Welcome to European Tribune. It's gone a bit quiet around here these days, but it's still going.
sorry to answer so late.

Focusing solely on Lafontaine is contraproductive when trying to assess the role of the Linke in a wider political context. Although I think that many people (most hypocritically the CDU/CSU) deliberately understood Lanfontaine that way, I acknowledge that he potentially could be understood as a xenophobe. But, anyway, the Linke is not Lafontaine. Have a look at the Linke's election manifesto:

"Germany is an immigration country. People from all over the world come here to us - but immigration law is affected by defense and exclusion. An migration and immigration policy which is able to shape the cultural diversity of our society is needed. Not a German "leading culture" but basic and human rights, binding everyone, have to form the basis of our living together. A democratic immigration policy has to put immigrants on par. Laws have to prevent that they could be abused for social and wage dumping. Migrants have to be paid the same wages for the same work. Investments have to be made in learning language, cultural institutions, integrational help and social work. (...)

We advocate a modern citizenship law: Every person born in Germany has to be given German citizenship. Art. 116 GG has to be changed with regard to the diverse ethnic affiliations of the Federal Republic's citizens."

In the case of the Linke, even disregarding our disagreement over the meaning of Lafontaine's statements, overemphais on personality is as much an obstacle to understanding party politics as in any case else. Even if he wanted to "adopt the neo-fascist line on integration", he would not succeed, because it is against everything the PDS, by far the bigger part of the Linke, stood for and stands for.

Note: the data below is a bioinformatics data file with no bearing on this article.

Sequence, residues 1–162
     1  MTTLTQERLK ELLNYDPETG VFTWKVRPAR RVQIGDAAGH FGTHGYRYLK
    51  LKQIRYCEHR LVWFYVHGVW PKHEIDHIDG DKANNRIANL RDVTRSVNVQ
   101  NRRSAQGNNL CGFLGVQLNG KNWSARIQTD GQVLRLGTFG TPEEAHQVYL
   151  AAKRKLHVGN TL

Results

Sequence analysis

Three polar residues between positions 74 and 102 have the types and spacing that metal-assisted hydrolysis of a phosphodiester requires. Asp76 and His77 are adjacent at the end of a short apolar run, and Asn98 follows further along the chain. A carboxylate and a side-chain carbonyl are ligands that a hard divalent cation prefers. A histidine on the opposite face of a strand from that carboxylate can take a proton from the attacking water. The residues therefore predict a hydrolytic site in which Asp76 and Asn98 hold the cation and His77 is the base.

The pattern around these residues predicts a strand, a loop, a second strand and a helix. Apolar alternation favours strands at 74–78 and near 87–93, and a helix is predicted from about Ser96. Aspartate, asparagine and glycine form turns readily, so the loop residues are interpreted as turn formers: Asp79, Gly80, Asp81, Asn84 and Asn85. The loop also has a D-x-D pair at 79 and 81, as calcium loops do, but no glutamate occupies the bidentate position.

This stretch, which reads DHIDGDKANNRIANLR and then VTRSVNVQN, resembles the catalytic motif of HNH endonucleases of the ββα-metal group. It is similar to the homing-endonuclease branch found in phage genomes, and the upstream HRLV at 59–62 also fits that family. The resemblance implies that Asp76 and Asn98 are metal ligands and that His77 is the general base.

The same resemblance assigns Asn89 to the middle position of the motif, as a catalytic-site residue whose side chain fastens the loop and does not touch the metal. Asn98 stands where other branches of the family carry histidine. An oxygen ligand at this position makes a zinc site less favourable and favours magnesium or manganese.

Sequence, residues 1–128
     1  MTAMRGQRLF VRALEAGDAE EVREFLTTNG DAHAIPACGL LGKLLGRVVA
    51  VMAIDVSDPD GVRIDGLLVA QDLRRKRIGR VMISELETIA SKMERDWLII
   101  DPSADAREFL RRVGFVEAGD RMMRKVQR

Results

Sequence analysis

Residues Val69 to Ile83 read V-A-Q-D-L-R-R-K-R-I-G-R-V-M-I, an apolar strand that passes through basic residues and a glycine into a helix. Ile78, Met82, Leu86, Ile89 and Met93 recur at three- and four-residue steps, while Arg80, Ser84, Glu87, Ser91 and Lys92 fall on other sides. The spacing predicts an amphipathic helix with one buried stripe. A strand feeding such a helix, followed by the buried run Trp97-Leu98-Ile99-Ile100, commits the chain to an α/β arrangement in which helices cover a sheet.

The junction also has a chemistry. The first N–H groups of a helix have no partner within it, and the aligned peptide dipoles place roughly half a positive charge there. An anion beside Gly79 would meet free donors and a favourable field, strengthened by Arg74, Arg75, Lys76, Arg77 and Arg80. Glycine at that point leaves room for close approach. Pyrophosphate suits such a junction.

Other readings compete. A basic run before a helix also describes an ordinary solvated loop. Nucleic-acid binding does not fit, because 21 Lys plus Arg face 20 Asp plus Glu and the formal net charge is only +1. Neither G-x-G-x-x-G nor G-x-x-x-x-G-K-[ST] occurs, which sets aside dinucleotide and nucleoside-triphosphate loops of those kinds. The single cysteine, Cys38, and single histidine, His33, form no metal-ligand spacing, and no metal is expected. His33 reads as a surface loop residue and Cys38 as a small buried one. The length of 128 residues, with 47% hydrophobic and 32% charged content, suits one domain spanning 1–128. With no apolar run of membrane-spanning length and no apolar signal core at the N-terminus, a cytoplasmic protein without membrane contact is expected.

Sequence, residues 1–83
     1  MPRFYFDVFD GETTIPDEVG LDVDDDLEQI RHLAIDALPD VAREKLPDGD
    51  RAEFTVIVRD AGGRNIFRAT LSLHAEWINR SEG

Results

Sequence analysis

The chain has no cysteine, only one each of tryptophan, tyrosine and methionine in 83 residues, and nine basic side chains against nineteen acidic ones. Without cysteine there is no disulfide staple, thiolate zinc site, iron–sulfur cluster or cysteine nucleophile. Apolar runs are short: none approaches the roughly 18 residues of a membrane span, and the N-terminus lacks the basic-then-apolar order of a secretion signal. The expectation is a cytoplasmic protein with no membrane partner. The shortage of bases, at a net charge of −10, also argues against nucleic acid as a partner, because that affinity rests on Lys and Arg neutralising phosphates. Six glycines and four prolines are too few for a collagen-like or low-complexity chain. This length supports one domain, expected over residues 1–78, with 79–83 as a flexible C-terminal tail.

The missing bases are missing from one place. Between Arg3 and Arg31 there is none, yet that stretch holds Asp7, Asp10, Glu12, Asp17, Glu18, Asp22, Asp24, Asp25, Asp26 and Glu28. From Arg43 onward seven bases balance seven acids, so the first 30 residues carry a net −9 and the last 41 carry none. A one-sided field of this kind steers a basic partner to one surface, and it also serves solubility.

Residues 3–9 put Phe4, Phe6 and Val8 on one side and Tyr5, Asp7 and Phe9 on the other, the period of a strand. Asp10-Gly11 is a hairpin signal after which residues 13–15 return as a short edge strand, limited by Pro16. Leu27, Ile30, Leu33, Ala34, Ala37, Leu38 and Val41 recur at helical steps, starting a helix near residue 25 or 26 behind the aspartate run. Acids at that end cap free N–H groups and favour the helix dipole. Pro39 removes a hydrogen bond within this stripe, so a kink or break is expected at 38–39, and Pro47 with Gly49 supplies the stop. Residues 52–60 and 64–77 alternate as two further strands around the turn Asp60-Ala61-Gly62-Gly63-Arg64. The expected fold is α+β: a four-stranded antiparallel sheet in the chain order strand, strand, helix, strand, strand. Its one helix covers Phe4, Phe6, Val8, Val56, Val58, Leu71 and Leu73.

by Saturday (geckes(at)gmx.net) on Mon Sep 26th, 2005 at 04:56:37 PM EST
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Saturday, I agree with you that the Linke as a whole does not share Lafontaine's beliefs. And as I said in a discussion with DoDo I do not find their program extremist. It is to the left of my own views, but so what, the FDP is well to the right of mine but I don't have a principled objection to them being in government (a Mollemann fronted FDP would be a different story). What I object to is a party whose Western side is represented by Lafontaine, and whose Eastern side is full of ex SED functionaries.  Clearly you don't find that reason to boycott them. Fair enough. However, I'd think you'd at least understand the reasoning behind it - it is analogous to a moderate right winger rejecting a party dominated by ex Pinochet or Franco operatives and a racist as the most visible non-ex dictatorship flunky. The good thing is that the SED problem will slowly decline as time goes on.
by MarekNYC on Tue Sep 27th, 2005 at 05:09:29 PM EST
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